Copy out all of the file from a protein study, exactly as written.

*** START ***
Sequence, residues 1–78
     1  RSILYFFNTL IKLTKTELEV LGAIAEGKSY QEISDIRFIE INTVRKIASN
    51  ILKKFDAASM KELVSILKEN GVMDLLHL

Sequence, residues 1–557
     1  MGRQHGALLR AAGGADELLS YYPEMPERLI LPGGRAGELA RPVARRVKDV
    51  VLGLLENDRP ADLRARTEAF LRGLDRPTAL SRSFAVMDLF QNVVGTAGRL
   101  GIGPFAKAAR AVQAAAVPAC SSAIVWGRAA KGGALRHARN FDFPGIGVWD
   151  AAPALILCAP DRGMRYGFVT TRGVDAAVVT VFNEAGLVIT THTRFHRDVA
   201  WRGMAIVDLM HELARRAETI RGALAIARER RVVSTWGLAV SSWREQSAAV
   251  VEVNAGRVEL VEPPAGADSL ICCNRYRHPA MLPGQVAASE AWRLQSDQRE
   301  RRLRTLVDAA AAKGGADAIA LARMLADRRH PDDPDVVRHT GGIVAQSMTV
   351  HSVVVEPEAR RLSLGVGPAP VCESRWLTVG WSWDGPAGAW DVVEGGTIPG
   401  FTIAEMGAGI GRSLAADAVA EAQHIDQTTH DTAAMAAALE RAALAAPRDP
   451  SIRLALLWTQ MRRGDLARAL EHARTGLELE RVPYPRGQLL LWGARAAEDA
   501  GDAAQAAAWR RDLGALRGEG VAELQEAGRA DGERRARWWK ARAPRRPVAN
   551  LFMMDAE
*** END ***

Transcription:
Sequence, residues 1–78
     1  RSILYFFNTL IKLTKTELEV LGAIAEGKSY QEISDIRFIE INTVRKIASN
    51  ILKKFDAASM KELVSILKEN GVMDLLHL

Sequence, residues 1–557
     1  MGRQHGALLR AAGGADELLS YYPEMPERLI LPGGRAGELA RPVARRVKDV
    51  VLGLLENDRP ADLRARTEAF LRGLDRPTAL SRSFAVMDLF QNVVGTAGRL
   101  GIGPFAKAAR AVQAAAVPAC SSAIVWGRAA KGGALRHARN FDFPGIGVWD
   151  AAPALILCAP DRGMRYGFVT TRGVDAAVVT VFNEAGLVIT THTRFHRDVA
   201  WRGMAIVDLM HELARRAETI RGALAIARER RVVSTWGLAV SSWREQSAAV
   251  VEVNAGRVEL VEPPAGADSL ICCNRYRHPA MLPGQVAASE AWRLQSDQRE
   301  RRLRTLVDAA AAKGGADAIA LARMLADRRH PDDPDVVRHT GGIVAQSMTV
   351  HSVVVEPEAR RLSLGVGPAP VCESRWLTVG WSWDGPAGAW DVVEGGTIPG
   401  FTIAEMGAGI GRSLAADAVA EAQHIDQTTH DTAAMAAALE RAALAAPRDP
   451  SIRLALLWTQ MRRGDLARAL EHARTGLELE RVPYPRGQLL LWGARAAEDA
   501  GDAAQAAAWR RDLGALRGEG VAELQEAGRA DGERRARWWK ARAPRRPVAN
   551  LFMMDAE